“Instead of completely altering the existing aesthetic of the neighborhood through the development of overly-ambitious or tin-eared design initiatives, these architects and designers have demonstrated a devoted effort to transform urban environments without disrupting them. Lange has a name for this unique approach to design; she calls it “strategic architecture.” Typically supported by advocacy organizations and citizen action groups alike, this type of design stems from “an understanding of past civic hopes and redesigning them to meet the future.” In cities ranging from Houston to San Francisco, architects and developers are demonstrating this approach to urban design, one that “combines the forces of community activism and historic preservation with government muscle.” The strategy encourages future growth through “eye-catching design” and allowing residents connectivity to the “parks, plazas, bike paths and libraries that give neighborhoods a center.”
Favortree, the first favour-trading game for mobile phones, can help connect you with your neighbours. The game rewards members for providing favours for others by gaming the experience with a virtual fruit tree – the more someone helps others in their community, the more fruit grows on their tree; fruit can then be exchanged for favours.
Evidence suggests that improved community connections can lead to better health and wellbeing and has economic benefits too. At a time of budget constraints, it is therefore particularly important to support community inclusion and active participation. The report Building Community Capacity: Evidence, efficiency and cost-effectiveness briefly draws together some of the evidence that Think Local Act Personal is aware contributes to this business case.
There are some fundamental lessons to learn about the health-preserving effects of good social networks, connected communities, the value of peer support and the multiplicity of outcomes well beyond social care that can be improved by working with local people in a co-productive way. There is a strong case to be made for a joined-up, local approach to health and wellbeing that seeks to connect people together and to create the conditions for happier, healthier communities through participation and inclusion.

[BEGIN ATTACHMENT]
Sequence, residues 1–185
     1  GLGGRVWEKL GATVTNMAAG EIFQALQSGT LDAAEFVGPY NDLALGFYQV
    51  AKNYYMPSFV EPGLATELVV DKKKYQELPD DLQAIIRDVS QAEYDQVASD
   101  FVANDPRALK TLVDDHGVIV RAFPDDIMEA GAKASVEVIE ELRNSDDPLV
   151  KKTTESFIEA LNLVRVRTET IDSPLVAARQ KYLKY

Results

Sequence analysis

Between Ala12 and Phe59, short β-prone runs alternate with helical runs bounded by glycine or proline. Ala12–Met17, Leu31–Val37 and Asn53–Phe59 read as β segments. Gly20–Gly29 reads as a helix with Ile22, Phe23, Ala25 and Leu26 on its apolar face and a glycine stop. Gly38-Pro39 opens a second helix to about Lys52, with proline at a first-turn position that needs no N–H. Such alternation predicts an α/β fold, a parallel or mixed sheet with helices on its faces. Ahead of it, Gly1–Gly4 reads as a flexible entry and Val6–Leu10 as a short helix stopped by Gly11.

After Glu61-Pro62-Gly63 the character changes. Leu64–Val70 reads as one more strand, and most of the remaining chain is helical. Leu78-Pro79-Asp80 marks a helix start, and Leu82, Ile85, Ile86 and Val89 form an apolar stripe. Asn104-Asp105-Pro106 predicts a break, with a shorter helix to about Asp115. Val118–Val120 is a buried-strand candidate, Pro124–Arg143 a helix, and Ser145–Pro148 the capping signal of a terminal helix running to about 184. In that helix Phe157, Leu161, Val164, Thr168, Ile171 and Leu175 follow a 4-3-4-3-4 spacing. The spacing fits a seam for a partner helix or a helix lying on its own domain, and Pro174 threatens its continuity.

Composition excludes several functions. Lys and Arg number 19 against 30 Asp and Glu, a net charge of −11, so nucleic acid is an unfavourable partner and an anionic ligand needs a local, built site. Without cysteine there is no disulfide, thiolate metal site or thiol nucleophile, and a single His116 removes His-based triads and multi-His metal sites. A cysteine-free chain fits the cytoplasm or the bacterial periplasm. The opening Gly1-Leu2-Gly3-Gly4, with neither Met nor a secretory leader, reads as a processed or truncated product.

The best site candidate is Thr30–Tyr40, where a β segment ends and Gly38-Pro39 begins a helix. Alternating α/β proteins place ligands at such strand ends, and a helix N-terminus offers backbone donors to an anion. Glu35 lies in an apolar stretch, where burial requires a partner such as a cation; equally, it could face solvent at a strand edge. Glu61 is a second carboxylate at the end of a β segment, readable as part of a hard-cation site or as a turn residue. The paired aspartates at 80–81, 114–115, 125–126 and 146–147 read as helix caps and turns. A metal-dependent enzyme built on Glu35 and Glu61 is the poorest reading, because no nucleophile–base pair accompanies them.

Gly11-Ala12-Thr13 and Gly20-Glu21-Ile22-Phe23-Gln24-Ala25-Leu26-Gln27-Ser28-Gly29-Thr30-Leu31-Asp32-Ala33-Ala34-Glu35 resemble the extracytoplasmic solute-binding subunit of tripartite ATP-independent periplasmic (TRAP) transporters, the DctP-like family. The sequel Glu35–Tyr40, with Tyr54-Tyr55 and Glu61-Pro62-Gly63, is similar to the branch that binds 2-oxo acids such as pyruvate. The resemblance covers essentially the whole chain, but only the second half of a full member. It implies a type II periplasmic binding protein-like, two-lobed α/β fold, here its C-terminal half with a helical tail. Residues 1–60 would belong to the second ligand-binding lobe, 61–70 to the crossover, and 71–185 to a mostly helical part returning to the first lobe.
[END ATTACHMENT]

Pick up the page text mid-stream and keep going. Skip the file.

Created in Australia in the mid-1990s, Men’s Sheds are gathering places for men to work on projects, socialize, support each other, do community service and more.
“Most people working in the sheds don’t see themselves as being involved in community development from their immediate perspective. Sheds are sort of an incognito community education and development space where people who are disempowered or disenfranchised come along with ideas, and by putting them into action, they get a sense of action, a sense of agency back, a place for their own voice.”
Related item: the Squirrel’s Nest, a men’s shed in Bridgend. Unit 38, Tondu Enterprise Centre, Bryn Road, Tondu, Bridgend, CF32 9BS. Tel 07784 288 772. The shed operates every Friday.
“It’s time to think about the effect of our environment on human beings, and [seize] our responsibility as designers. The [contemporary] city has been built as a machine, for production. We built a society that in fact is not social, a society of individuals without connection, and the spaces where they live don’t allow them to make any real connections. If you [compare this with] the ancient towns, you will notice a difference. It’s typical in a small Italian town for the elders who went to the modern towns to want to come back. Because they can, for example, sit down and start talking to other people. If they need somebody, they can ask for help. Of course, we can’t go back to the past, we can’t build again what has been built by another society, another economy. But we can learn something. We want to build a contemporary architecture, a contemporary urbanism that uses contemporary materials, but that pays attention to these aspects as very relevant. (…) Recycling space, bringing it back to the quality of “place,” is not an expensive operation. [It’s] not about concrete, trucks, and big money. Beauty is a matter of relationships.”
Related link – RSA paper: Developing Socially Productive Places
The first lie…
is that you’re going to need far more talent than you were born with.
The second lie is that the people who are leading in the new connection economy got there because they have something you don’t.
The third lie is that you have to be chosen.
The fourth lie is that we’re not afraid.
Afraid to lead, to make a ruckus, to convene. Afraid to be vulnerable, to be called out, to be seen as a fraud.
The connection economy isn’t based on steel or rails or buildings. It’s built on trust and hope and passion.
The future belongs to those that care and those that believe.
~ Seth Godin
A nice and simple animated explanation of a co-production approach to assessment and community connection (link shared by Nick Andrews): https://www.youtube.com/watch?v=n5K44phGPg8